Northern pike have an elongated body and head, a broad, flat snout shaped somewhat like a duck bill. The jaws, roof of the mouth, tongue, and gillrakers are armed with many sharp teeth which are constantly replaced. A single soft-rayed dorsal (back) fin is located far back on the body.
Northern pike can be variable in color: a fish from a clear stream or lake will usually be light green, while a pike from a dark slough or river will be considerably darker. Males and females are similar in appearance but females live longer and attain greater size.
Fish up to 9 kilograms (~20 pounds) are common in some Alaskan rivers and lakes, though Northern pike can grow much larger. The state sport fishing record is a 17-kilogram (~38 pound) fish caught on the Innoko River, a tributary of the Yukon River. Northern pike range from the Alaska’s Interior to the Arctic coast, from the Canadian border to the Seward Peninsula, and southwest to the Bristol Bay drainages. There is a small, isolated population near Yakutat. During recent years, illegally-stocked northern pike have established themselves in streams of the Susitna River drainage south of the Alaska Range as well as on the Kenai Peninsula.
Young northern pike feed on small crustaceans and insects. By the time they reach 50 millimeters (2 inches) in length they may be eating smaller fish. Adult northern pike eat other fishes (mostly whitefishes but also suckers, burbot, smaller northern pike and juvenile salmon). Large adults can eat voles, shrews, red squirrels, and small waterfowl. A bald eagle chick, was found in the stomach of one large female.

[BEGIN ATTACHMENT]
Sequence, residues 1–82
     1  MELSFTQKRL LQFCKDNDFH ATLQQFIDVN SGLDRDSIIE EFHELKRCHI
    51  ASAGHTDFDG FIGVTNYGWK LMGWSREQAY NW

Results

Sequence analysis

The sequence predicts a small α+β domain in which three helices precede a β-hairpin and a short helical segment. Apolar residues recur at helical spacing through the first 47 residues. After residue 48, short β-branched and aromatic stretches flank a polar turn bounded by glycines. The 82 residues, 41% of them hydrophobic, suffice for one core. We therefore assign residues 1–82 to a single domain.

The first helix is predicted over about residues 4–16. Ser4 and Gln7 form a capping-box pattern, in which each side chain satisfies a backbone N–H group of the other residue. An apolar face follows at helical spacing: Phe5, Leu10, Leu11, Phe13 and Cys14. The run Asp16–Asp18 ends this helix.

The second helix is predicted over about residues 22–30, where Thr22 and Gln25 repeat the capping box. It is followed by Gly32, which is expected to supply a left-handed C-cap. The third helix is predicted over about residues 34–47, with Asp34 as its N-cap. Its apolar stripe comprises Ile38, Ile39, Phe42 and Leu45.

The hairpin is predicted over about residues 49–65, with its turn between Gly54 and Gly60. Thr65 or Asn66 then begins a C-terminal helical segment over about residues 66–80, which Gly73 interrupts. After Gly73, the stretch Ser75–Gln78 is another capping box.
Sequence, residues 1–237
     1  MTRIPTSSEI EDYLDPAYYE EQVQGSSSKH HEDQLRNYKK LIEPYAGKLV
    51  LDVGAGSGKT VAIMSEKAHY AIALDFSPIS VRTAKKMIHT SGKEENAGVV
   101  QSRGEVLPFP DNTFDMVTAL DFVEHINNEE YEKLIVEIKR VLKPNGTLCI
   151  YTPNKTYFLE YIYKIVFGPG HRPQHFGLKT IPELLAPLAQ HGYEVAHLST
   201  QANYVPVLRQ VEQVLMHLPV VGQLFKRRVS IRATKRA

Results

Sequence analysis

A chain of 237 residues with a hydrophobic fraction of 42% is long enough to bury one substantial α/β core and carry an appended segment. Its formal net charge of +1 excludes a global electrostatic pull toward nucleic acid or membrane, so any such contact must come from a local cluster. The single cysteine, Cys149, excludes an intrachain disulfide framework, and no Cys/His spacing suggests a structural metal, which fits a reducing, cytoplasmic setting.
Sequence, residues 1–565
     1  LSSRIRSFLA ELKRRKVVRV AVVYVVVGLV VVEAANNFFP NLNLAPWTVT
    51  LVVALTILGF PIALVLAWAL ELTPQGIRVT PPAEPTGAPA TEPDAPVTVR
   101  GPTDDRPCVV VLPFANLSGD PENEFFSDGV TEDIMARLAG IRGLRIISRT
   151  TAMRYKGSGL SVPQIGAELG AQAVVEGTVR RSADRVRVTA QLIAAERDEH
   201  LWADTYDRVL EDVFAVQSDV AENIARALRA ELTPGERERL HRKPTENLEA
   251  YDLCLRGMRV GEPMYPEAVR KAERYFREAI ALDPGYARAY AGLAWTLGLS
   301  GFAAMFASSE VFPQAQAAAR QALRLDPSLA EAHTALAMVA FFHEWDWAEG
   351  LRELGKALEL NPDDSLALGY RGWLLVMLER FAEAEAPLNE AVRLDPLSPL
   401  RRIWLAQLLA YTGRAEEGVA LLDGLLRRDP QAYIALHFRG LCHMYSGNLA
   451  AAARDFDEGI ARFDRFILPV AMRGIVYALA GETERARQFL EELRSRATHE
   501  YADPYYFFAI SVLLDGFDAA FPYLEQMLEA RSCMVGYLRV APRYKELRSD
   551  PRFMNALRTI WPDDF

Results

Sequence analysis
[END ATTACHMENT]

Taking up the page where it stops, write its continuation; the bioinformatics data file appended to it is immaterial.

Northern pike spawn in the spring of the year soon after the ice goes out. An 11-kilogram (~25 pound) female may contain up to 500,000 eggs which she deposits in the grassy margins of a lake shore, slow-moving stream, or slough. The eggs drop to the bottom where they stick to grass, rocks, or other debris. Because of the cold temperature of Alaskan waters, incubation may take 30 days.
Because ice-covered, shallow lakes become depleted of oxygen, most Northern pike overwinter in the deep, slow waters of large rivers. Spring migration from overwintering areas to spawning grounds and then to summer feeding areas are generally short distances. Movement during the summer is localized between warm, shallow feeding areas. In Interior Alaska, a 308 millimeter (12-inch) pike may be two to three years old. A 635 millimeter (25-inch), 2.5 kilogram (~5 pounds) pike may be six to eight years old. Fish 7 kilograms (~15 pounds) or more, may be 10 to 17 years of age. The vast majority of northern pike fisheries in Alaska are well off of the road system and far from human settlements. These remote populations are considered stable. In some fisheries where northern pike are easily accessible, reduction in the size composition as well as localized depletion of abundance can occur. There are only a handful of populations of naturally-occurring northern pike that are subject to overfishing, with most of these being in the interior
In Alaska, the vast majority of northern pike populations appear healthy with most fisheries being sustainable. Where development and northern pike coexist, threats such as oil and gas development, agriculture, and timber harvest may impact the local populations.
Recently, it was discovered that bioaccumulation levels of mercury by large predatory fishes (such as northern pike, burbot, Arctic grayling, and Pacific halibut) in some parts of northern and western Alaska may be high enough that eating large quantities can be harmful. However, the data is limited and research is ongoing. The Alaska Division of Public Health (DPH) is working with the U.S. Fish and Wildlife Service (USFWS) to learn more about mercury levels in northern pike, so that we can provide advice to Alaskans about how much is safe to eat.